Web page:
By Daniel E. McGonigle
The Caledonia Argus
Over two-thirds of the respondents to a survey sent out by the Caledonia Area School district responded that they would prefer another “flexible learning day” over having to make up snow days by coming back to school in June.
The actual numbers came back as 82 percent in favor.
The survey, which included feedback from parents, teachers and students, led the board to approve another flexible learning day for the weather related school closing on Friday, Feb. 24.
At the Tuesday, Feb. 21 board meeting the night after a pilot flexible learning day took place on Presidents Day, Feb. 20, some board members were apprehensive about continuing the practice.
“I just think its a slippery slope,” said board chairman Kelley McGraw.
McGraw wanted to see a “hard surface rule” put into place and wanted to work with the bus company in order to deal with the rural roads during a storm, yet still get students to the buildings.
“I think we could do more to work with our vendor,” McGraw said.
School board member Jared Barnes said that his concern is that “for some kids, coming to school is breakfast and lunch and is their only meals.”
“And a safe place,” added McGraw.
Superintendent Ben Barton and other members of the board were quick to point out that the program was merely in its pilot stage and that the board always had the option to rule against it.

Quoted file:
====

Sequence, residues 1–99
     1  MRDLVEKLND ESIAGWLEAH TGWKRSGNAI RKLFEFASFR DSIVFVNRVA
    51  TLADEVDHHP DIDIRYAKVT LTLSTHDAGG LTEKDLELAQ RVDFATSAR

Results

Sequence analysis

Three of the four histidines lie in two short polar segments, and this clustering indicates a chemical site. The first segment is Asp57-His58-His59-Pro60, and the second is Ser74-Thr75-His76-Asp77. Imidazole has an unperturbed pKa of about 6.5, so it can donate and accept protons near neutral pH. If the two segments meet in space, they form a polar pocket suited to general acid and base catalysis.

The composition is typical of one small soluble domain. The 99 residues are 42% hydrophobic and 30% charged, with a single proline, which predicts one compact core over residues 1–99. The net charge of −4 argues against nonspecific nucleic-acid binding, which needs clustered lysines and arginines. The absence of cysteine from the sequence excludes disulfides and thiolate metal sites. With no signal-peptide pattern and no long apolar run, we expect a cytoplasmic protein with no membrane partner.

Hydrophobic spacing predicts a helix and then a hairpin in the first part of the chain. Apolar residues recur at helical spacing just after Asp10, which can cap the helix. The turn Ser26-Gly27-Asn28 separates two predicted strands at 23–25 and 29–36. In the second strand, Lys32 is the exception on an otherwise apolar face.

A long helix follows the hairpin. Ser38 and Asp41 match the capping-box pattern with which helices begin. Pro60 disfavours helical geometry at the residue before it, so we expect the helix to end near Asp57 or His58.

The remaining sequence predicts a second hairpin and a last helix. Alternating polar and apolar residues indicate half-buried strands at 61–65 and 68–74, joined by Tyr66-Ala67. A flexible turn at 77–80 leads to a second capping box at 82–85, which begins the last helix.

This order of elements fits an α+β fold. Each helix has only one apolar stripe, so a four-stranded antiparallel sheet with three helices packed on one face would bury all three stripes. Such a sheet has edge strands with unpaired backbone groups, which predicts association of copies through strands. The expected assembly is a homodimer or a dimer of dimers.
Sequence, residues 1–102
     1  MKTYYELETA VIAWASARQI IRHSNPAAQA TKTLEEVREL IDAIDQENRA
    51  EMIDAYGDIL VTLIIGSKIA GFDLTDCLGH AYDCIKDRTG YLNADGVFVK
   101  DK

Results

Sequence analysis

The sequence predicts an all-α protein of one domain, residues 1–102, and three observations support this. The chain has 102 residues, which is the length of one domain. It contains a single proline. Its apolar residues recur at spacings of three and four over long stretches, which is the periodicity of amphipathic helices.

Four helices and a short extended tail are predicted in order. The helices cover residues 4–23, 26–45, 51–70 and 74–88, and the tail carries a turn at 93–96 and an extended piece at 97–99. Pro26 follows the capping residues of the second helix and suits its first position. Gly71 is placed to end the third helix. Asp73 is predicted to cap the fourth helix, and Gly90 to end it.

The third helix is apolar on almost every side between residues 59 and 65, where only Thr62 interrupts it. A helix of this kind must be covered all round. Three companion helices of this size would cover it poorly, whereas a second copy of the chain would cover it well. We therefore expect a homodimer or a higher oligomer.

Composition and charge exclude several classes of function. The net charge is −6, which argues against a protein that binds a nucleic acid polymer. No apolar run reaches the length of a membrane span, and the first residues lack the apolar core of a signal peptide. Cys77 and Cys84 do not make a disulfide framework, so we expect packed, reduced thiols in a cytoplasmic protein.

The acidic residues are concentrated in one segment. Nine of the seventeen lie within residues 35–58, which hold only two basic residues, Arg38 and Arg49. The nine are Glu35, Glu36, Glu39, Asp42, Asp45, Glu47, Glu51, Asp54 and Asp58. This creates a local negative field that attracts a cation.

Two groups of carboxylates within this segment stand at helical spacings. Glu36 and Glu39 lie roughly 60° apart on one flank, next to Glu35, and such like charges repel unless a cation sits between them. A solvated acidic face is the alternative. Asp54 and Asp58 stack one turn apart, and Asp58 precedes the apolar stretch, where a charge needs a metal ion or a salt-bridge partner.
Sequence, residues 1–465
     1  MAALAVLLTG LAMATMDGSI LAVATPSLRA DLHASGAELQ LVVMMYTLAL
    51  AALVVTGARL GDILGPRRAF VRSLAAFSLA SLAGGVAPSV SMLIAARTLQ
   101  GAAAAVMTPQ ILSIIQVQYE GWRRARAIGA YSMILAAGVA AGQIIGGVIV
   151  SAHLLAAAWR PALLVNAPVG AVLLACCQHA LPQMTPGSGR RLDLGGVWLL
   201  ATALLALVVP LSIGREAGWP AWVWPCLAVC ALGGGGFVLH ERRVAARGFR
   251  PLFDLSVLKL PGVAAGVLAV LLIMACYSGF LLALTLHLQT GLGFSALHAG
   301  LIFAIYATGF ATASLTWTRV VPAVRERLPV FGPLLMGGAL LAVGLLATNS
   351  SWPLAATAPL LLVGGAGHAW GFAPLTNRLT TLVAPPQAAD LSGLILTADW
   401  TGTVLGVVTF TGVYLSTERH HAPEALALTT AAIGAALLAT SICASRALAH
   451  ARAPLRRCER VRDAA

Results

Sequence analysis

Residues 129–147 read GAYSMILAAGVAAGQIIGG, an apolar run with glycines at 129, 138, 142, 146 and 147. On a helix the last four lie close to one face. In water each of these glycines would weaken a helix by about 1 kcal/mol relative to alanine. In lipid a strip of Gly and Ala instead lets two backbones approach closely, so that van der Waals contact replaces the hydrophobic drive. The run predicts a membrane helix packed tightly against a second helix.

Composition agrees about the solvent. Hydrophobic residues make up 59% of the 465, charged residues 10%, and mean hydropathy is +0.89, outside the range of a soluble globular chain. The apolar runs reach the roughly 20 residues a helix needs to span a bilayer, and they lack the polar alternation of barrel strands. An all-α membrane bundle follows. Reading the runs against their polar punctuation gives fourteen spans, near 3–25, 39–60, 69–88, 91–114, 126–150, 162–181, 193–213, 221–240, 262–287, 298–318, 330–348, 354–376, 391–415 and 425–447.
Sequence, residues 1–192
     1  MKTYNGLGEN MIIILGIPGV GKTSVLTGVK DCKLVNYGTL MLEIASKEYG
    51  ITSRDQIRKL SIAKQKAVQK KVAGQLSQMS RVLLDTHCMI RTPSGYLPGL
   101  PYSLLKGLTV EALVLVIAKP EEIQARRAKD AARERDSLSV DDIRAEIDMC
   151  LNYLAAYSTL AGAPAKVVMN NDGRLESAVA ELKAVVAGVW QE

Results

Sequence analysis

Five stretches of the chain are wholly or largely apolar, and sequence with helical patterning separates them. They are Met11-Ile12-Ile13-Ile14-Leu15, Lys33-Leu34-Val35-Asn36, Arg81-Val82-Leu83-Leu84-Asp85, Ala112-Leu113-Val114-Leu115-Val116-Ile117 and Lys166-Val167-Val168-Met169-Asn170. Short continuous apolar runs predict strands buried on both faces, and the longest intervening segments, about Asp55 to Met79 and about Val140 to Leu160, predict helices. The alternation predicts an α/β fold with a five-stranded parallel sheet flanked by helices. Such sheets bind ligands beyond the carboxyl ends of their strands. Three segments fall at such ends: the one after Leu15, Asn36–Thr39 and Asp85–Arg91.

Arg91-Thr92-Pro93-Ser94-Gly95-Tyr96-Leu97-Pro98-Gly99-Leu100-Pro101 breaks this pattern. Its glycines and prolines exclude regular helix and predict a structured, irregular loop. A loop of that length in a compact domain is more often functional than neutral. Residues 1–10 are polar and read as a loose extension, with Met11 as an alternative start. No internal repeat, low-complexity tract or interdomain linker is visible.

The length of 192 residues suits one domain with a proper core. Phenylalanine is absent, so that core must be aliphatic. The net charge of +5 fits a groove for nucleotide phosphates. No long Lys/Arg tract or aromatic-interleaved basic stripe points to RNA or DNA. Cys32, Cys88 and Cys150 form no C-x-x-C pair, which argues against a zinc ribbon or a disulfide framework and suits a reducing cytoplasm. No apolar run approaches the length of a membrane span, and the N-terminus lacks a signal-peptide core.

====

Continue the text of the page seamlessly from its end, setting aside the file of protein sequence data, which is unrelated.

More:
However, the feedback the educators gave to principal Gina Meinertz was favorable.
She also emphasized that several institutions have gone to some model similar to this in an effort to deal with winter in Minnesota.
“It’s how colleges are educating students so it is good for them to learn these skills now,” Meinertz said, in the context of the high school students.
She said at her building, the elementary school, parents and students and teachers also all responded positively.
As we all know now, Friday, Feb. 24 was another flexible learning day for students at Caledonia area schools.
But on Tuesday at the school board meeting, Mr. Barton wanted the board to make the decision whether to allow another pilot day or whether the pending storm would force a makeup day in June.
That evening, the survey results showed 181 responses and was still around 82 percent in favor of a flexible learning day.
District office manager Karen Schiltz reported the results to the board members.
“I guess if that many people want to see this continue then I can go along with it,” Barnes said.
The survey closed at midnight on Wednesday, Feb. 22.
A final tally showed over 400 respondents still with an 82 percent number in favor of keeping the flexible learning day rather than making up snow days in June.
At the state, districts are only allowed a total of three flexible learning days currently while still being eligible to receive funding on the per pupil student contact day.
“I suspect that will change eventually,” said Barton, and that they will remove that limit.”
The board plans to gather feedback from the recent flexible learning day on February 24 and will review it for future dates at the March board meeting.
In the meantime, the board approved additional flexible learning days should the need arise prior to the March board meeting which will be held on March 20.